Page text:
In 1879, Lewis moved to Bridgeport, Connecticut and started working for a competitor of Thomas Edison, the US Electric Lighting Company owned by Hiram Maxim. It was here that he made his most well-known innovation. He was working on improving the filaments inside the light bulbs so they could last longer and be more cost-effective. Lewis successfully invented a modification to the filament process that made it more durable, and therefore more affordable to the public. These filaments were substantially safer than gas lamps, but also less harsh than some of the prior inventions such as arc lights. His invention transformed the average American home after nightfall.

Lewis was an incredibly intelligent man, who could speak and translate into German and French, and could teach workers how to create a light bulb from beginning to end, including the glass blowing formation of the bulb. He registered several patents during his lifetime, including a fore-runner to our modern day Air Conditioner.

After leaving the US Electric Lighting Company, Lewis went on to work with Thomas Edison, became a patent inspector, an expert witness, an author of several books, a teacher, and a member of the Board of Patent Control.

Despite many societal challenges, Lewis was able to become a successful inventor and was respected in his field. He was accepted into the Edison Pioneers, an exclusive group of 100 innovative minds, and he was the first person of color to attain that honor. He was also an early advocate of Civil Rights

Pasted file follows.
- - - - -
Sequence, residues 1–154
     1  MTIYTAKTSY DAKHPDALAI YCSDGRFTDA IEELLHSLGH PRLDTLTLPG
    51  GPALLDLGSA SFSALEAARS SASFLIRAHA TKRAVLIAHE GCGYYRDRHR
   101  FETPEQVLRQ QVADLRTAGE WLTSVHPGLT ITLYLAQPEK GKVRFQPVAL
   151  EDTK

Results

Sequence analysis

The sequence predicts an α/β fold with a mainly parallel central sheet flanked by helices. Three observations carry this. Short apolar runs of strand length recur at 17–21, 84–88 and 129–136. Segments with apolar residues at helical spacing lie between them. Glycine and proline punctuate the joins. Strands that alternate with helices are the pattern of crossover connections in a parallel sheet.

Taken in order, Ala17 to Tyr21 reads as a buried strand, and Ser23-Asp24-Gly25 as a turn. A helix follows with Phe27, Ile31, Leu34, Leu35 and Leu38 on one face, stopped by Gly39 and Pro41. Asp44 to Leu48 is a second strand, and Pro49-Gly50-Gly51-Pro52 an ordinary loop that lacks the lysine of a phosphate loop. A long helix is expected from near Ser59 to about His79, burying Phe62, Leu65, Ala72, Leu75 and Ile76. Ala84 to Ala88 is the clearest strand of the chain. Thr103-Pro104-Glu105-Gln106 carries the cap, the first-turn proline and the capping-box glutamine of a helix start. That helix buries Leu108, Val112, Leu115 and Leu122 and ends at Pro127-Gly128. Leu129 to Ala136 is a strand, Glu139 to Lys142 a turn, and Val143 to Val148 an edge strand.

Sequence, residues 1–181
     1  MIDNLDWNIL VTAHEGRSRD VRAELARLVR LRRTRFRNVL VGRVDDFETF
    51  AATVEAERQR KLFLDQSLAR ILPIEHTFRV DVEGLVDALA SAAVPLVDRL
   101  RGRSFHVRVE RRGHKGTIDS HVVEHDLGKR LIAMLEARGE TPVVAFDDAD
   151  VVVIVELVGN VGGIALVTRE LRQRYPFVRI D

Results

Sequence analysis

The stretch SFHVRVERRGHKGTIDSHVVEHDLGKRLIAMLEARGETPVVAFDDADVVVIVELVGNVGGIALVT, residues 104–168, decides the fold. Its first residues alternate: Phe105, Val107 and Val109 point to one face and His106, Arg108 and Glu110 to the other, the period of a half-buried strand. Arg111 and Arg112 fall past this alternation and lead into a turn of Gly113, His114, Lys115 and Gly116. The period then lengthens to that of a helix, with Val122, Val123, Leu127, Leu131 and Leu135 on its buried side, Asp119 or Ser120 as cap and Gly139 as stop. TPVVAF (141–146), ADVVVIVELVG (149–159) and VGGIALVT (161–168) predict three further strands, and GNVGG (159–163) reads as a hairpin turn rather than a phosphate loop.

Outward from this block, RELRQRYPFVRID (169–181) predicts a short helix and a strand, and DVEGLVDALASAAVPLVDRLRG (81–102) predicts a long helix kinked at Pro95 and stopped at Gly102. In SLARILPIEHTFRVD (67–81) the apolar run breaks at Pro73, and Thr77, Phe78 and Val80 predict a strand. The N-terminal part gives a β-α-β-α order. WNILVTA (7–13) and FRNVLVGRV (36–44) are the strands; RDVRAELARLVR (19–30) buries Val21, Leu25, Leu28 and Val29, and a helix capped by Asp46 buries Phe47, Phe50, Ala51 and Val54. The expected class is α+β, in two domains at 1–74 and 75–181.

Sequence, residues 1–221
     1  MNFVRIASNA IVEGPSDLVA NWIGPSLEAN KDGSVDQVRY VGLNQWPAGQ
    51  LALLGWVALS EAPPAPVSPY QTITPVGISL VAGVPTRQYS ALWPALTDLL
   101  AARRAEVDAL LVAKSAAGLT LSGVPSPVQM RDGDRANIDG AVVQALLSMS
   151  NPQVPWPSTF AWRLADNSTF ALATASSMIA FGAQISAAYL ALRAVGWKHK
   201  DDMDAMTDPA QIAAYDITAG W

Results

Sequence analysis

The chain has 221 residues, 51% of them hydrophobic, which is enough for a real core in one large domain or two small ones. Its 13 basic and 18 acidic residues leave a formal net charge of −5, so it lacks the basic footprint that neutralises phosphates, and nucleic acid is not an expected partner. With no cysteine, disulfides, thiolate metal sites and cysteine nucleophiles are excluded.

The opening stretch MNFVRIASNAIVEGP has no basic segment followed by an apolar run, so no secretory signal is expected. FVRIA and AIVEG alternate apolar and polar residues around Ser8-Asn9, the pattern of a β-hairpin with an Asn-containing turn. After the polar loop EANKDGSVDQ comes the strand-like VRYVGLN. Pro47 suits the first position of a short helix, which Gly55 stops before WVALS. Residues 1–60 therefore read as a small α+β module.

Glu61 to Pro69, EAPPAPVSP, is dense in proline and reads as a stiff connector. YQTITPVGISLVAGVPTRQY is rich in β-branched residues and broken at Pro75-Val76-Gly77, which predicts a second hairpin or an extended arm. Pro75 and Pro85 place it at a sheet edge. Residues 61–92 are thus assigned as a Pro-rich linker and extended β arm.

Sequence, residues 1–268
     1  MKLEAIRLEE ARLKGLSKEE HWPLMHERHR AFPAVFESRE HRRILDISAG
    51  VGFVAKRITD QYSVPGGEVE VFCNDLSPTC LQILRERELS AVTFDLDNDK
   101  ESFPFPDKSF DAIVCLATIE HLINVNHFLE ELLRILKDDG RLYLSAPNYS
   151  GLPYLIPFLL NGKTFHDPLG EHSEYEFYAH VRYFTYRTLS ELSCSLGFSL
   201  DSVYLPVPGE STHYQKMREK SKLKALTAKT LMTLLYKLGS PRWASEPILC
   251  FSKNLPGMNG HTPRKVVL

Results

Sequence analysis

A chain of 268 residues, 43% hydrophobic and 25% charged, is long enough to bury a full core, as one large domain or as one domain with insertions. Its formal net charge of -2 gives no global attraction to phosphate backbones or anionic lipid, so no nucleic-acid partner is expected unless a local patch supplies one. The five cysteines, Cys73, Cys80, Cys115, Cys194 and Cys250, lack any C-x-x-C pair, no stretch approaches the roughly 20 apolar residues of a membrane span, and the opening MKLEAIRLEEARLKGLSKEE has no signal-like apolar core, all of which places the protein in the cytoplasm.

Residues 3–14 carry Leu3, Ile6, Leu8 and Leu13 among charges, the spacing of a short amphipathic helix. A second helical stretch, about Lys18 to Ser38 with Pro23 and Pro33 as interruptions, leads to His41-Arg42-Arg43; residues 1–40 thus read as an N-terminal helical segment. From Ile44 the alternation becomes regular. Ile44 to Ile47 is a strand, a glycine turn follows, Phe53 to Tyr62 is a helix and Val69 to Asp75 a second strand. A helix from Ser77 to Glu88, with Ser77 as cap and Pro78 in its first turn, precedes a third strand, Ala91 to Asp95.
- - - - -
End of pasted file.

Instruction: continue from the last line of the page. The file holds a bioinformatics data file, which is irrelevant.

Lewis Latimer passed away on December 11, 1928 at the age of 80, but his legacy remained. There is a museum in New York with his family's home dedicated to the inventor, the invention program at MIT is named after him, as well as several schools also being named in his memory. Finally, Lewis was inducted into the National Inventor's Hall of Fame in 2006. 

Light Bulb by Lewis Latimer
Daderot, CC0, via Wikimedia Commons

Two-time winner of the Christian Indie Award for historical fiction, Amber Lemus inspires hearts through enthralling tales She has a passion for travel, history, books and her Savior. This combination results in what her readers call "historical fiction at its finest".

She lives near the Ozarks in her "casita" with her prince charming. Between enjoying life as a boy mom, and spinning stories out of soap bubbles, Amber loves to connect with readers and hang out on Goodreads with other bookish peoples.

Amber is a proud member of the American Christian Fiction Writers Association. Visit her online at and download a FREE story by subscribing to her Newsletter!



  1. Thank you for this post today. I think the entire Latimer family has an amazing story. When I turn on my lights, I will try to remember Lewis Latimer as well as Thomas Edison.

    1. Thanks for stopping by, Connie. I'm glad you enjoyed the post. When it comes to inventions, there are usually at least half a dozen people who make a functioning item possible, but we only hear about one. So I think it is fun to learn about the lesser known minds.

  2. I don't often comment, but I always enjoy your blogs. Thanks for sharing such interesting content. Best wishes.

    1. Thank you for taking the time to comment and let me know you enjoyed the post. That's so helpful for me. Have a wonderful day, Caroline.

  3. I enjoyed reading about Lewis, also! I live in the SW Missouri Ozarks!

    1. Oh wow! Are you attending StoryFest in Saint Louis this year?

  4. What an interesting/impressive man! I am catching up on about a weeks worth of HHH blog post with some spare time.

  5. I loved this! Why haven't I heard of him before?

    1. Right?! I love learning about these lesser known inventors. I'm so glad you did too. Thanks for stopping by and being such a consistent part of our HHH community, Connie. <3